• Makes vowel sounds like “ohh” 

Around four months of age
  • Starts babbling
  • Looks for sound sources
  • Makes squeals and chuckles

Around six months of age
  • Turns head toward loud sounds
  • Begins to imitate speech sound
  • Babbles sounds like “ba-ba” 

Around nine months of age
  • Imitates speech sounds of others
  • Understands “no-no” or “bye-bye”
  • Turns head toward soft sounds

Around 12 months of age
  • Correctly uses “ma-ma” or “da-da”
  • Gives toy when asked
  • Responds to singing or music

Source: American Academy of Audiology

Tuesday, October 16, 2012

Half of Parents Indicate Cost a Barrier to Services

In a newly released survey, half of parents (47%) indicate hearing aid cost was a barrier to getting the necessary services for their hearing impaired child. This was highlighted as a critical issue due to so few insurances plans providing coverage for hearing aids and that frequently those that do provide coverage don't provide an adequate amount.

Image courtesy S. Miles at

 Quotes from parents involved in the study:

"The reason for the huge gap between diagnosis and obtaining hearing aids was because it took me that long to save enough money to buy them"

"We have good private insurance... [but] the coverage for hearing aids is miserable--$500 every three years"

" the time he's in college we'll have invested $20,000."

 "I'm angry that our child cannot get help from our insurance company [for a condition] that affects his physical, academic, social and emotional health!"

"Can't get hearing aids due to the cost, they aren't covered by anything"


Barwick, K,  Muñoz, K, & Blaiser, K. (2012). Parent's Experiences With Pediatric Hearing Aids. ASHA Leader.

Wednesday, October 10, 2012

Don't have an extra $4000 to spare? Neither do most Washington families.

If your child is born with a hearing loss in the state of Washington and you have no hearing aid benefits through your private insurance plan (more than half of plans have absolutely no coverage at all), you could be looking at spending likely a minimum of $20,000 on hearing aids alone by the time your child reaches the age of 18. That number could exceed $35,000 if premium technology is purchased every 3 years.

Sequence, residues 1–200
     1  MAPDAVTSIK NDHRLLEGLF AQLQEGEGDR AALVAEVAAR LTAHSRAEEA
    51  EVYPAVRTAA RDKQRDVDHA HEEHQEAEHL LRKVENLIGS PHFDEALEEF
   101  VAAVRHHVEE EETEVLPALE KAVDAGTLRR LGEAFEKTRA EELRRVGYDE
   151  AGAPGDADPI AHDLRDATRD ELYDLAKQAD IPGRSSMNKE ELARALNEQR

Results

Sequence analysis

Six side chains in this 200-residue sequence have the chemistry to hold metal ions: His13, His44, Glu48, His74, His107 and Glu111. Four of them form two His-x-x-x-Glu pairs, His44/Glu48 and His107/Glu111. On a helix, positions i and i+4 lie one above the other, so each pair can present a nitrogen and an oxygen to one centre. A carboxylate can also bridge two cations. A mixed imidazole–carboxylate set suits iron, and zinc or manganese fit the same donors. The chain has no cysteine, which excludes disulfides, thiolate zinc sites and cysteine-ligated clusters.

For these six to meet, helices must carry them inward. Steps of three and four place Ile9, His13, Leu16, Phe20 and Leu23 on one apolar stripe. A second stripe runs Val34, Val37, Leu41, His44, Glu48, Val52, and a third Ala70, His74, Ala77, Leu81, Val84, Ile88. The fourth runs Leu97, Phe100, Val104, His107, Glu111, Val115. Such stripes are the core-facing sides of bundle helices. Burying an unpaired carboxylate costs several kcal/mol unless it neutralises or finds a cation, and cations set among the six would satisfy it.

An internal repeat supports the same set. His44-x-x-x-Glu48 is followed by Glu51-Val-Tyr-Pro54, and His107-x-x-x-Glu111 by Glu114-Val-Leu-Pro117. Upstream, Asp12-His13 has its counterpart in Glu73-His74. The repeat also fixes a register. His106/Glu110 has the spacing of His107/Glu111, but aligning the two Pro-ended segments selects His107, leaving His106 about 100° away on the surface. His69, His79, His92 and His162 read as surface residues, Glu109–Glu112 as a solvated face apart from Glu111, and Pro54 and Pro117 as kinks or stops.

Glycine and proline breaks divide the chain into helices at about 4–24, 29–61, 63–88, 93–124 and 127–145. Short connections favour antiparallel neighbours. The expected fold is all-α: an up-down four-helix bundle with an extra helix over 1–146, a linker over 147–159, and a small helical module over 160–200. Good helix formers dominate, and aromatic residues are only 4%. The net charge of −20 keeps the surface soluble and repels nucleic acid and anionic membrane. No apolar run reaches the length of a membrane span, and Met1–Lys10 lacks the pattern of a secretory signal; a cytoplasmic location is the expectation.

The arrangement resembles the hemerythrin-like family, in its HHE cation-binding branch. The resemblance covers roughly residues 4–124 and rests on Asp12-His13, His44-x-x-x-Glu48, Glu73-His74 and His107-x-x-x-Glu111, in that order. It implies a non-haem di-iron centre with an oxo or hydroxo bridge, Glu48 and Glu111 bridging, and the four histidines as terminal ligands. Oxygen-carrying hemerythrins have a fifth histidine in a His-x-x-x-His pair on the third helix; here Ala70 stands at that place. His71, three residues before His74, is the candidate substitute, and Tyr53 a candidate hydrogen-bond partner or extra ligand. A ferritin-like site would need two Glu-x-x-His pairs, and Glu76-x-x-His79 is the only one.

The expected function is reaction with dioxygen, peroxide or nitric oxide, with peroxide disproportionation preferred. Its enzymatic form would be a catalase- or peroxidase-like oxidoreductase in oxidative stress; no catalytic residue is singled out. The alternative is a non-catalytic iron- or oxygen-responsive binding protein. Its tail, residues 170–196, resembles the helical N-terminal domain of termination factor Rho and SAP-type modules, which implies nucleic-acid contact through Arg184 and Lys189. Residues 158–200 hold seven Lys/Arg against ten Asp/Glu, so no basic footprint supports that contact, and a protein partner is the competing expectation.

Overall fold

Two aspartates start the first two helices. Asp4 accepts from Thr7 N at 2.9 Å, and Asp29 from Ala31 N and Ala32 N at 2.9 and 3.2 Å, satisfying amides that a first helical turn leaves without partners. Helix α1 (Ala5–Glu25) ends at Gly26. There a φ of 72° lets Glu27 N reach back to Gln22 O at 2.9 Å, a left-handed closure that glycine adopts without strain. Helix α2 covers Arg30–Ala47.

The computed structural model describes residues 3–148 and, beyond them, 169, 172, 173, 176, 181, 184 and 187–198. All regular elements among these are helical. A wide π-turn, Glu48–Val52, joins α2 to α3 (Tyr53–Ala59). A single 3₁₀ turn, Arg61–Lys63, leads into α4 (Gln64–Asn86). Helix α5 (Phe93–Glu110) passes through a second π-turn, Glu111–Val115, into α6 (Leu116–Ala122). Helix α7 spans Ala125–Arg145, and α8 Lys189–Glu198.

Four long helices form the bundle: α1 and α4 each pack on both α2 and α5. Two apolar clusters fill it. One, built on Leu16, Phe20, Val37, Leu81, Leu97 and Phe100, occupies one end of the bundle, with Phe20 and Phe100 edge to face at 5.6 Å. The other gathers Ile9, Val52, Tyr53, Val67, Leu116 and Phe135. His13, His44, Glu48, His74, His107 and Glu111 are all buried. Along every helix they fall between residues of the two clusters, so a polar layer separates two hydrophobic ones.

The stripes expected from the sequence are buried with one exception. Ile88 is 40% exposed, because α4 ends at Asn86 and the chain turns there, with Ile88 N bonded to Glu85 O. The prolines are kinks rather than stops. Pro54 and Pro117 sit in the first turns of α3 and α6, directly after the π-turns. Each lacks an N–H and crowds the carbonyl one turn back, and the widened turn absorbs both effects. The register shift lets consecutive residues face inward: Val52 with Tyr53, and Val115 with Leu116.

Image courtesy A. Balaraman at

Today, the average price of hearing aids and the associated professional services is approaching $2000/ear. Because children are generally much more active than adults, their hearing aids will likely be in need of replacement sooner than the average adult hearing aid user (who generally replaces them about every 4-6yrs). As a child grows and their hearing needs change, hearing aids will typically need replacement about every 3-5 years.

Since the management of other chronic medical conditions, such as juvenile diabetes for example, is often covered at least in-part by nearly all insurance providers--why isn't hearing loss treated the same way?  Decades of research has shown the tremendous benefit of early identification and treatment of hearing loss with hearing aids. Yet, we still see so many health plans deal with hearing aids as a luxury item, rather than the true medical necessity that they are.

Please sign our petition and join with us to help make Washington the 21st state to provide hearing aid coverage for children.